Students need more time

DECLINING English results in schools continues to be a topic of public interest, particularly as it will become a must-pass subject in SPM next year.

Concerns have been raised by various quarters over the relatively poor performance by Sarawakian students in last year’s SPM, with 23.16% failing English.

That’s nearly a quarter of school-leavers who would not receive their SPM certificate if English were already a compulsory pass subject.

Earlier this week Malaysian English Language Teaching Association (Melta) president Assoc Prof Dr Ganakumaran Subramaniam was reported as saying that students everywhere in Malaysia, not just those in Sarawak, were struggling with English.

He pointed out that the English failure rate nationwide fluctuated between 22% and 28% in the last decade and last year’s results were poorer than the previous year’s.

Ba’Kelalan assemblyman Baru Bian also weighed in on the issue, noting that students from rural schools in Sarawak would be at an even greater disadvantage if the requirement to pass English is implemented next year, given their lack of infrastructure, equipment and human resources.

Generally the consensus is that firstly, it’s too soon to introduce the must-pass policy next year and, secondly, more needs to be done to improve the standard of English in schools.

Both points are closely related and need to be taken into consideration together by the relevant authorities.

Next year is too soon because students, through little fault of their own, are largely not ready for English as a must-pass subject, and they will not be ready unless there improvements are made to the teaching and learning of English.

As Dr Ganakumaran has observed, there have been no significant changes to the way English is taught and learnt in schools since the policy was announced in 2013.

“Students, teachers and parents need time to get their heads around this target. If students today have not been able to cope after nine years of public education, how can they make that dramatic turn by the end of next year?” he said, adding that it would be unfair to deny school-leavers the SPM certificate for a subject which the public education system had struggled to teach for decades.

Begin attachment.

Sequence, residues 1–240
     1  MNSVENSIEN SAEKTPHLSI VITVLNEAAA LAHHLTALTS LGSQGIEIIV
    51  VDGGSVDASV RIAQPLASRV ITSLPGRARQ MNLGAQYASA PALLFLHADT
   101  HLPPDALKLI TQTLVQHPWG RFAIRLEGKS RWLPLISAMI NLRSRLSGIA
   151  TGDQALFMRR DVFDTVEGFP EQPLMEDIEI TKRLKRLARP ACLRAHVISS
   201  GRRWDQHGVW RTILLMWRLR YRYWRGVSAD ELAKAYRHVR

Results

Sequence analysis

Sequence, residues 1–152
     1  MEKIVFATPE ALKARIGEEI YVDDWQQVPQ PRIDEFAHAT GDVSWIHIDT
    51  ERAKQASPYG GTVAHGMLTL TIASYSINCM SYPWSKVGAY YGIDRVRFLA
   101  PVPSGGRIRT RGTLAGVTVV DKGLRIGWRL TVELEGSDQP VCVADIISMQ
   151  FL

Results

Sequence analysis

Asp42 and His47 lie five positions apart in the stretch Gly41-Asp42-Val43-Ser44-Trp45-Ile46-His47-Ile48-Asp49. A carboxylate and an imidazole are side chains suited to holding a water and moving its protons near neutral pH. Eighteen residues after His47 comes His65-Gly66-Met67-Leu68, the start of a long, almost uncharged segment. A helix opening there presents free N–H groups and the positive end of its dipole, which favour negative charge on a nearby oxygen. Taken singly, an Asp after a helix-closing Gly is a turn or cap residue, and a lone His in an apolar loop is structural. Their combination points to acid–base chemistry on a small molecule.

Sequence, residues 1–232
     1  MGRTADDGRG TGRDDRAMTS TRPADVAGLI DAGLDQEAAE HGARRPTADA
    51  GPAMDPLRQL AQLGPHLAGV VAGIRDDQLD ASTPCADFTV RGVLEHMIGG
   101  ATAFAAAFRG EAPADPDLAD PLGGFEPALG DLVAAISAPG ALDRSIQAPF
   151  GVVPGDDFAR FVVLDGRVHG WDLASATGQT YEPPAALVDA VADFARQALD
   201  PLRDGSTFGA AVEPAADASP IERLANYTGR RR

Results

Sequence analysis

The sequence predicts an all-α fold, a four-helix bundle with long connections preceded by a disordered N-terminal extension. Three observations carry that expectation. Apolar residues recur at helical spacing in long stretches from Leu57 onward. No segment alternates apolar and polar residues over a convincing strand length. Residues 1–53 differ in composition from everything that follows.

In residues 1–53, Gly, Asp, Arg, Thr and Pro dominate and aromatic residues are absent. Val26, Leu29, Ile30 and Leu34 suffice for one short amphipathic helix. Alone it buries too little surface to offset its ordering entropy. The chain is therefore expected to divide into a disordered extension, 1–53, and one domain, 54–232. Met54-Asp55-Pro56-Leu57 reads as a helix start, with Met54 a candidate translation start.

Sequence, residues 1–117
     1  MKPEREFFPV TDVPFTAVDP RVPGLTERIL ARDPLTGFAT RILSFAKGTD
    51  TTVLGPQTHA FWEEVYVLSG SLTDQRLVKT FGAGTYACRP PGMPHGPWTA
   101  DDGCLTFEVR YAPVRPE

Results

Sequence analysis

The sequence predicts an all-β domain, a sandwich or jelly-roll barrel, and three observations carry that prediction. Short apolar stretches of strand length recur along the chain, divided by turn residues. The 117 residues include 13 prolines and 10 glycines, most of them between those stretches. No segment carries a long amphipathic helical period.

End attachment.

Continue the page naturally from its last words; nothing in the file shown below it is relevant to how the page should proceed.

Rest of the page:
Baru meanwhile called for more efforts to raise the standard of English, including teaching Maths and Science in English, encouraging an English speaking and reading culture among children, providing a good supply of books for school libraries and giving students a good foundation in English from their primary school days.

He also noted that two rural schools in the state, SK Ba’Kelalan and SK Ulu Lubai, had achieved excellent academic results due to the efforts of the dedicated headmasters and teachers.

“This shows that given the sufficient facilities and financial support and with teachers who are determined to succeed, rural schools can outperform urban schools,” he said.

Likewise, the British Council’s English Language Teacher Development Project (ELTDP) Symposium in Kuching last week showcased many creative methods used by primary school teachers to engage their pupils’ interest in learning English.

The examples included setting up reading corners, making storybooks, using puppets and flashcards, dramatising stories and incorporating songs, chants and drawings in lessons.

These teachers were clearly motivated to improve their teaching skills so that they could teach their pupils better. They exemplify how dedication, motivation and being equipped with skills and ideas can help pupils to learn better.

There are many opinions and suggestions on how we can improve English standards, including the Education Ministry’s must-pass policy.

The important thing is not rush into hasty decisions that could have unintended negative consequences for students but to keep the discussion going in a constructive manner and implement good practices that have been proven to work.

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Opinion , East Malaysia , ling


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